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Bill 57 – Clarity on When the New or Old Construction Act Applies

January 2019 Construction Law Bulletin, Litigation Bulletin 3 minute read

On July 1, 2018, the first portions of the new Construction Act (the “CA”)[1] came into effect. Section 87.3 of the CA contains transition provisions that state when the new or old version of the CA applies. However, in our June 2018 bulletin,[2] we noted that some of the transition provisions were ambiguous or challenging to apply. The absence of a definition for when the procurement process commences or a right under section 39 to request the prime contract date were particularly concerning.

The Ontario government has now remedied these and other transition issues through the Restoring Trust, Transparency and Accountability Act, 2018 (the “Restoring Trust Act”).[3] The Restoring Trust Act received royal assent on December 6, 2018 such that it is now law. As described below, it contains several key amendments to clarify the transition provisions in the CA. It also adds detail to the adjudication and holdback sections in the CA.

When Does the Procurement Process Commence?

Section 87.3 of the CA provides that the old CA continues to apply to projects where the owner commenced the procurement process before July 1, 2018. However, as described in our June 2018 bulletin, it was unclear when the procurement process was commenced. For example, a procurement process could commence with the internal drafting of bidding rules, external informal communications with potential contractors, or it may not begin until a formal request for proposals or similar document is issued. As such, there was uncertainty about the date to be used when applying the transition provisions. The date of commencement was also problematic because it could have depended on the owner’s internal documents, which contractors and others could not easily access.

The Restoring Trust Act amends the CA so that the procurement process only commences on the issuance of the earliest of the following documents:

  • a request for qualifications;
  • a request for quotation;
  • a request for proposals; or
  • a call for tenders.

As such, the date when the procurement process commences has been significantly clarified.

Do the Procurement and Adjudication Provisions Apply To Pre-October 2019 Contracts?

The new CA includes certain sections (such as new lien expiration rules) that came into effect on July 1, 2018 and other sections (such as adjudication and prompt payment) that do not come into effect until October 1, 2019. However, the transition provisions did not take into account the different timing of these sections, which could lead to absurd results. For example, the transition rules apparently provided that a contract that was entered into on July 2, 2018 would be subject to adjudication and prompt payment, even though neither of those sections of the CA were yet in force.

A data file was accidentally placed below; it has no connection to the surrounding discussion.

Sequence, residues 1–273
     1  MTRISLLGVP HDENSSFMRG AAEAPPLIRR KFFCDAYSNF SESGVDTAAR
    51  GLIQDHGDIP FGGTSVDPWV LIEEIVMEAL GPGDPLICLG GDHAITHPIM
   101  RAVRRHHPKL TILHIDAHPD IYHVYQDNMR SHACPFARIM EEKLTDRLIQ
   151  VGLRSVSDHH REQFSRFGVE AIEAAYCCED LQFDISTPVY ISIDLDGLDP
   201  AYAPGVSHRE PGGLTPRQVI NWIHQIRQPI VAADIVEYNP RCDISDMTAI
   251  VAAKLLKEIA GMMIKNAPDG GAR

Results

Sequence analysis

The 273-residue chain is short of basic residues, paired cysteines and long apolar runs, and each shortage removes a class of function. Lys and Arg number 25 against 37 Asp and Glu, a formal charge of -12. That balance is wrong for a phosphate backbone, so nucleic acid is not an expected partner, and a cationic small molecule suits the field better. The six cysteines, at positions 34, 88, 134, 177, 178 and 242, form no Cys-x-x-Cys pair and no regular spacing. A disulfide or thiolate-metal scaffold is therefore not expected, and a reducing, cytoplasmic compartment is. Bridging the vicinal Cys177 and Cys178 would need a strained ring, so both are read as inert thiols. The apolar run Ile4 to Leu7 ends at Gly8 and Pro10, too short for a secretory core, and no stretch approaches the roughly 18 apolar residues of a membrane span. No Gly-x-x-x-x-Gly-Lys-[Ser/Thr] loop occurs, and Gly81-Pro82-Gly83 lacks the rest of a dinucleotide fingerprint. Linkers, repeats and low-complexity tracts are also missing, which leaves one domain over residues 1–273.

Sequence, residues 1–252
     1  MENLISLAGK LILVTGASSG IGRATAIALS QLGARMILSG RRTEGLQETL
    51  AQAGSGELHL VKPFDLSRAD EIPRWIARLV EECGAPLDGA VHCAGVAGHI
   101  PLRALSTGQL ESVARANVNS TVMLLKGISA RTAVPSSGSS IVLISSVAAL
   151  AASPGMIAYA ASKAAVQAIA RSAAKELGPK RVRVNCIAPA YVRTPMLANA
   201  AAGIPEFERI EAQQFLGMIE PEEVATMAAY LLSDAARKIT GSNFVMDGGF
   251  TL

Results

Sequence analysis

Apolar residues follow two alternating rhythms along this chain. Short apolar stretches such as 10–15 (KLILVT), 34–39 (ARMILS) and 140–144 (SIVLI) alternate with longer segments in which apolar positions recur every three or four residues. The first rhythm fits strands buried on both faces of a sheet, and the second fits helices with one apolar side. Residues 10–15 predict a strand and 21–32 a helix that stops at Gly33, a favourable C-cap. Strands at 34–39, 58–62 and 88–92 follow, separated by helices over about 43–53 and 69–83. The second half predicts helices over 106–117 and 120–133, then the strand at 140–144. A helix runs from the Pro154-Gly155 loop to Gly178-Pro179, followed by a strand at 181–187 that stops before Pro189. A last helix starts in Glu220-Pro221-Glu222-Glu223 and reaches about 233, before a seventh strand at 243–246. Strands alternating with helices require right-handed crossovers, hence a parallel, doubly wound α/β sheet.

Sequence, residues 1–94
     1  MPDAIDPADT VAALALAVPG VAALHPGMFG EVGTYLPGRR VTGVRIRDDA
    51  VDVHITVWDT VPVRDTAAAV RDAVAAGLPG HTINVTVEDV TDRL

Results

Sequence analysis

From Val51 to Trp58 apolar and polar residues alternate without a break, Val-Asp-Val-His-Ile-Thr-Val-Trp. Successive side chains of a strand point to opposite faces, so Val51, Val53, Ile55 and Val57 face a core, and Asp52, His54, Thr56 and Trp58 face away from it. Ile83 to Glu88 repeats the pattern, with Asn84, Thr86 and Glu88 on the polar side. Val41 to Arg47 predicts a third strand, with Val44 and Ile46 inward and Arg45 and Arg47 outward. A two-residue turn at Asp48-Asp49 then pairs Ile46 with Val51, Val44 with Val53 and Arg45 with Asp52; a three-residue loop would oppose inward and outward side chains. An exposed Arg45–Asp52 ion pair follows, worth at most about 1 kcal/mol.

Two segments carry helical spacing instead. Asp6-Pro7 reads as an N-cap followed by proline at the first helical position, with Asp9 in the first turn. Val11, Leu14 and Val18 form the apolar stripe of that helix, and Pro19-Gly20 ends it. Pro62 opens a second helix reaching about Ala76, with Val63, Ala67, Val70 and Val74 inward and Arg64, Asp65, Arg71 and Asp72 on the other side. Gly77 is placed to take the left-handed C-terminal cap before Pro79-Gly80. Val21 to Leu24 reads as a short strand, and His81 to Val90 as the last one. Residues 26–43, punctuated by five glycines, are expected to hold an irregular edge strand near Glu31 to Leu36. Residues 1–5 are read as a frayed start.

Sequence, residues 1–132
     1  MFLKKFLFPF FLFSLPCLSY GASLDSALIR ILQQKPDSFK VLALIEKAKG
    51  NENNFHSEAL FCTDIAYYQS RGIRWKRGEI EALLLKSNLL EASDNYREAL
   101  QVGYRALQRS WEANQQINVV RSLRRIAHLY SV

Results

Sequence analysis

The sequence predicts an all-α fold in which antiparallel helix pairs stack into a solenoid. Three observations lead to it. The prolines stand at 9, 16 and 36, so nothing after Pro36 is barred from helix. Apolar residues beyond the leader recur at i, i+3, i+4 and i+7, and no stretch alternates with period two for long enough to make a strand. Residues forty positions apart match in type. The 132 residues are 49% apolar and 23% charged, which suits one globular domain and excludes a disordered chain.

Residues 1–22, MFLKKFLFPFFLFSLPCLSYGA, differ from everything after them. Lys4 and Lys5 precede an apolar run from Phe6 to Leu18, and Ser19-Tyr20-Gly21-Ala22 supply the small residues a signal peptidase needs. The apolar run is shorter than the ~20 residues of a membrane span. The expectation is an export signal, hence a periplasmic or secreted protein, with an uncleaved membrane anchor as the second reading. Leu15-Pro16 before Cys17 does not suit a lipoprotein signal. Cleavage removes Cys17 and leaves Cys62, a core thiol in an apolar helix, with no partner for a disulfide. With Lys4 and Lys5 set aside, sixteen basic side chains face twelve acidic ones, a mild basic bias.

The Restoring Trust Act amends the CA so that the adjudication and prompt payment sections of the new CA now only apply to contracts made after October 1, 2019, which is the day that those sections come into force.

New Section 39 Right To Information

Another issue with the transition rules was that subcontractors did not have a right under the CA to demand that the contractor supply the prime contract date. As a result, subcontractors may be unable to apply the transition rules that were based on the date the prime contract was entered into. The Restoring Trust Act has removed this obstacle by amending section 39(1) of the CA to add the date that the prime contract was entered into to the list of existing information that a contractor must supply upon demand.

Other Changes

In addition to modifying the transition provisions, the Restoring Trust Act adds detail to the adjudication sections. Parties may now agree at the outset of a project to a particular adjudication process by setting out the process in their contract or subcontract. However, the process set by the parties only applies to the extent that it does not conflict with the process set out in the CA. Further, the party seeking adjudication must now provide a copy of the notice of adjudication and the documents it intends to rely on within five days of the appointment of the adjudicator.

The holdback provisions have also been revised. Section 27.1 of the CA as amended now provides that a contractor may refuse to pay holdback to subcontractors if the owner has similarly refused to pay the contractor under section 27.1. Contractors who wish to take advantage of this new provision must publish a notice in a prescribed form.

by Laura Brazil

[1] Construction Act, R.S.O. 1990, c. C.30.
[2] “Minimizing Risks Arising from the New Construction Lien Amendments” by Laura Brazil and Glenn Grenier, McMillan Construction Bulletin, June 2018: Click Here.
[3] Restoring Trust and Accountability Act, 2018, S.O. 2018 c. 17 (Schedule 8).

a cautionary note

The foregoing provides only an overview and does not constitute legal advice. Readers are cautioned against making any decisions based on this material alone. Rather, specific legal advice should be obtained.

© McMillan LLP 2019

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